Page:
/zoohk"sis/, n.fl. c430-c400 B.C., Greek painter.
* * *flourished late 5th century–early 4th century BC, Heraclea, Magna GraeciaGreek painter.Though none of his work survives, his style and subject matter were recorded by ancient writers. He advanced the trend toward illusionism through the use of shadow to produce a rudimentary form of chiaroscuro. Apparently he was a panel painter rather than a wall painter. He preferred small compositions, often a single figure; his subjects were gods and heroes and such genre figures as an old woman, an athlete, and a still life.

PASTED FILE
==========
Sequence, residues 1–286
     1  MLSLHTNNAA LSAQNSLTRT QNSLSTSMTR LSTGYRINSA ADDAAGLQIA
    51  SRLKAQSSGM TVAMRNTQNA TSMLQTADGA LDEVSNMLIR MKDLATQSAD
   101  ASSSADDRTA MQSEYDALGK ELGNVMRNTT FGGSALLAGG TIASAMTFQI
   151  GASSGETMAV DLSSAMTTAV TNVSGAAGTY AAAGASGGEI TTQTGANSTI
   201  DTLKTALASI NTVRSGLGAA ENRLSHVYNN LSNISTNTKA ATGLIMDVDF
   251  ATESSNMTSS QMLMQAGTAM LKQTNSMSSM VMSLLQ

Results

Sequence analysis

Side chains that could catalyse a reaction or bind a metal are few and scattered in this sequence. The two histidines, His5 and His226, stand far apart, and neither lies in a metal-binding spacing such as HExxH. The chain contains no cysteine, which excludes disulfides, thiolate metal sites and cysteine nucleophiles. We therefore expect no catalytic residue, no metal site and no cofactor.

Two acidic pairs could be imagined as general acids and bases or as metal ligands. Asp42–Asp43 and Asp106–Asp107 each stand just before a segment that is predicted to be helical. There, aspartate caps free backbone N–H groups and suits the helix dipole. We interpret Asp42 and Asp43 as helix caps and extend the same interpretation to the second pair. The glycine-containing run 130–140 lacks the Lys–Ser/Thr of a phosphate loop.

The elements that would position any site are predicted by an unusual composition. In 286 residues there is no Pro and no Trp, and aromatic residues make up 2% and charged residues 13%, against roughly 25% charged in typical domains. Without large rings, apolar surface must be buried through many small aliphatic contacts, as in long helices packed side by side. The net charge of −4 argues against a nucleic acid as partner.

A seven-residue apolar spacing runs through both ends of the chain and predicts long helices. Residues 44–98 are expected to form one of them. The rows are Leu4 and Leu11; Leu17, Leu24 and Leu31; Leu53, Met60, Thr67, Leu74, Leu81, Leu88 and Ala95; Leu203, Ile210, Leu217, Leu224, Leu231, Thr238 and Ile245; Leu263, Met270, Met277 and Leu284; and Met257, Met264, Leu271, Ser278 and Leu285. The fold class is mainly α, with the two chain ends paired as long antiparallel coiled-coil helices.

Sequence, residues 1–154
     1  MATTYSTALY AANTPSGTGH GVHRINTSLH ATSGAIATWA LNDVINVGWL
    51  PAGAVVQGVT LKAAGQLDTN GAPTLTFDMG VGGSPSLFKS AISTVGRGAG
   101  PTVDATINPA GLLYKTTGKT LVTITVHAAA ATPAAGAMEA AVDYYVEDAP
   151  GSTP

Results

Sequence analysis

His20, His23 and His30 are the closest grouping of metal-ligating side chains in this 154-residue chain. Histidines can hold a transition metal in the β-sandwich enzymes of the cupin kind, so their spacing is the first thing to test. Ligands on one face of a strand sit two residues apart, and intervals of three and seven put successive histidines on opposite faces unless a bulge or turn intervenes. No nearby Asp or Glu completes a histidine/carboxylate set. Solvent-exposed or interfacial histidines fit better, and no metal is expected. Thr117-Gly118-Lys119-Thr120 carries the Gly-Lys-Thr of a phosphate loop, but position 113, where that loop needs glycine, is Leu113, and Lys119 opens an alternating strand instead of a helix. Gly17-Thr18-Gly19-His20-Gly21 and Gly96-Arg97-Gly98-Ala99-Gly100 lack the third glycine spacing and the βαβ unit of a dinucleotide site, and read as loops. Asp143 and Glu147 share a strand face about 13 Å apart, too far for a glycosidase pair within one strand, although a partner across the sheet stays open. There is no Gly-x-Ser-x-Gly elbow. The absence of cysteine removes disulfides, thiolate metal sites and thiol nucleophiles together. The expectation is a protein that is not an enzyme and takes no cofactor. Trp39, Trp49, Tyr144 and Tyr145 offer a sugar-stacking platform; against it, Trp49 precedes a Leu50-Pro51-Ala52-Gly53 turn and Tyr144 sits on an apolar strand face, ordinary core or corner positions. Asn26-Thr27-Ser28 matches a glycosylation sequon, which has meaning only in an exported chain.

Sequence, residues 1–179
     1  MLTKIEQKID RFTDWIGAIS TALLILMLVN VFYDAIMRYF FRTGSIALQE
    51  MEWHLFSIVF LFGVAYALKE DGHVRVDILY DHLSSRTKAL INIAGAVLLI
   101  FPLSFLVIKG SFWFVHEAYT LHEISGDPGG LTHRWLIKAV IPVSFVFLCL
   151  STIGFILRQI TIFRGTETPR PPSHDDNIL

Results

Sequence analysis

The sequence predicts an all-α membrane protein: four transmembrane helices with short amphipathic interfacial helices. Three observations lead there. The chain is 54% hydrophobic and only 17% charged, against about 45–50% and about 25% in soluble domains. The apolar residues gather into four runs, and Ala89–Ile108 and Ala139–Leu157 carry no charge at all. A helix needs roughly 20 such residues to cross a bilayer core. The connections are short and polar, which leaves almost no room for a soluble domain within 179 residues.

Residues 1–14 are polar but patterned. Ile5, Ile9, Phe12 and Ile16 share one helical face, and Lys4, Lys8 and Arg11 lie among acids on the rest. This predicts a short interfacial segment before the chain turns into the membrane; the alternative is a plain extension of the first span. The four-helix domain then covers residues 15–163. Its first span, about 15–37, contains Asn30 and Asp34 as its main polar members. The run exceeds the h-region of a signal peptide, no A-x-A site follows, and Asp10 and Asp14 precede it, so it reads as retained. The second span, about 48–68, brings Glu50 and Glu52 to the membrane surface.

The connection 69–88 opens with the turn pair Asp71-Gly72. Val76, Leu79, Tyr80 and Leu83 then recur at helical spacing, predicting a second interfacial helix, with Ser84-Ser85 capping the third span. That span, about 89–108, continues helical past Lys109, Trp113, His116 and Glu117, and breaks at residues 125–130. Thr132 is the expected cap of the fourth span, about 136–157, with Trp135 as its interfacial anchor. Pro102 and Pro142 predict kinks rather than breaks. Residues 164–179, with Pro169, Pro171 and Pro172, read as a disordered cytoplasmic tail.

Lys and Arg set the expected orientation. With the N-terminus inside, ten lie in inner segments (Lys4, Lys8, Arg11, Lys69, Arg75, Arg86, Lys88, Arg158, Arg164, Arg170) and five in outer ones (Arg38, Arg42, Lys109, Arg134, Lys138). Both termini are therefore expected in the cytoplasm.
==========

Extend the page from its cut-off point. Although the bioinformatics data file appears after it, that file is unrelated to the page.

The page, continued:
* * *▪ Greek artistflourished 5th century BC, Heraclea, Magna Graecia [Italy]one of the best-known painters of ancient Greece, who seems to have carried a trend toward illusionism to an unprecedented level.Zeuxis was, in one ancient account, a pupil of Demophilus of Himera in Sicily; other sources refer to him as a pupil of Neseus of Thasos (an island in the northern Aegean Sea). He seems to have been a panel painter rather than a wall painter; he preferred small compositions, often a single figure, and broke with a lofty tradition by introducing genre subjects into monumental painting.Although none of his works survives, the subject matter of several have been recorded by ancient writers: they include pictures of the gods, such as Zeus surrounded by other deities, Eros crowned with roses, and Pan; pictures of other mythological figures, such as Marsyas bound, a centaur family, and the infant Heracles strangling two serpents in the presence of his parents Alcmene and Amphitryon; portraits of the Homeric figures Helen, Menelaus, and Penelope; and genre pictures: an athlete, an old woman, a boy with grapes, and a still life of grapes. There are also references to his monochrome paintings and to works in clay.Ancient records also describe his technique. Following the initiative of his Athenian contemporary Apollodorus, Zeuxis used shading to produce a rudimentary form of chiaroscuro, as opposed to the older method of merely filling in the outlined figures with flat washes of colour. The interior modeling of Zeuxis' figures would appear strongly realistic as compared with the flat volumes of the older method, and this revolutionary illusionism was probably the basis of such stories as that of the pictorial contest in which Zeuxis painted a bunch of grapes so realistic that birds flew toward it to take a nibble. In 18th- and 19th-century art theory these stories were often used to recommend the procedures of the ancients to modern artists who aimed at effective imitation.
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